Beringia is the land and maritime area between the Lena River in Russia and the Mackenzie River in Canada and marked on the north by 72 degrees north latitude in the Chuckchi Sea and on the south on the tip of the Kamchatka Peninsula.
The Pleistocene Epoch, or more commonly known as the Ice Age, began about 1.75 million years ago and ended just ten thousand years ago. While the name may suggest it was a time of endless winter for the earth, the truth is much different. The earth’s climate experienced fluctuations of warm and cool temperatures. Sometimes these warm or cool periods lasted thousands of years.
Towards the end of the Ice Age the earth experienced prolonged frigid conditions. In the northern region of the earth, glaciers began to form. As more and more of the earth’s water got locked up in glaciers, sea levels began to drop. In some areas it dropped up to 300 feet. The land beneath the Bering Strait became exposed and a flat grassy treeless plain emerged connecting Asia to North America. This exposed land stretched one thousand miles from north to south.
As the ice age ended and the earth began to warm, glaciers melted and sea level rose. Beringia became submerged, but not all the way. The Diomede Islands, the Pribilof Islands of St. Paul and St George, and St. Lawrence and King Island still poke out of the water.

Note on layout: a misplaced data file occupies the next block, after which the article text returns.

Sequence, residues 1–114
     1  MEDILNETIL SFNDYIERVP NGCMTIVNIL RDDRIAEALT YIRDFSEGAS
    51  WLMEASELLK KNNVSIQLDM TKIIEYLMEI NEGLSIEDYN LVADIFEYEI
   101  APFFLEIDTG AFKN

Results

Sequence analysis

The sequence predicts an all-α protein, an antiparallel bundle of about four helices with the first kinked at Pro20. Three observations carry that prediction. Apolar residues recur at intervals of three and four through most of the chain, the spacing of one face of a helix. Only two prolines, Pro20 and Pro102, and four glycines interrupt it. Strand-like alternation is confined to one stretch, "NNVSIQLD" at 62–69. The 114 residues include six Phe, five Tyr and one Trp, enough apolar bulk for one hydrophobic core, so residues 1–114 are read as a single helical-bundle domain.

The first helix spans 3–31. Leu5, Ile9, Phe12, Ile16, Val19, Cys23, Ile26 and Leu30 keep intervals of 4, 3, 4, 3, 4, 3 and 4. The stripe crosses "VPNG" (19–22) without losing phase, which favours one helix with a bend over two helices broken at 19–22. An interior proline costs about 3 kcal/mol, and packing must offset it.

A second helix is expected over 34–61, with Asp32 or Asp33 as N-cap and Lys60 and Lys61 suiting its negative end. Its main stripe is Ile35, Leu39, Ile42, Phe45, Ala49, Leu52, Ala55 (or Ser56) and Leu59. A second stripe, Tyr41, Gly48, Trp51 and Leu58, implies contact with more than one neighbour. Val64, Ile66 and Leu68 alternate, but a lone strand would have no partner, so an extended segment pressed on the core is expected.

When exposed, the land bridge was vital for the transfusion of life between Asia and North America. The grasses, mosses and lichen that grew on the land bridge supported the herbivores that, in turn, supported the predators that preyed upon them. Slowly, plant and animal species began to inadvertently migrate from one continent into the other. People came too – following the movement of plants and animals – and remained! People of on both sides of the Bering Strait are united by language, kinship, tradition, and dependence on their environment.
Established as a national monument in 1978 and then deemed a national preserve in 1980,Bering Land Bridge National Preserve protects a piece of this ancient crossroad that is vital to the understanding of earth and human history. Its wild landscapes and unique landforms contain invaluable records of flora, fauna, and human migration between Asia and North America.
Last updated: January 30, 2018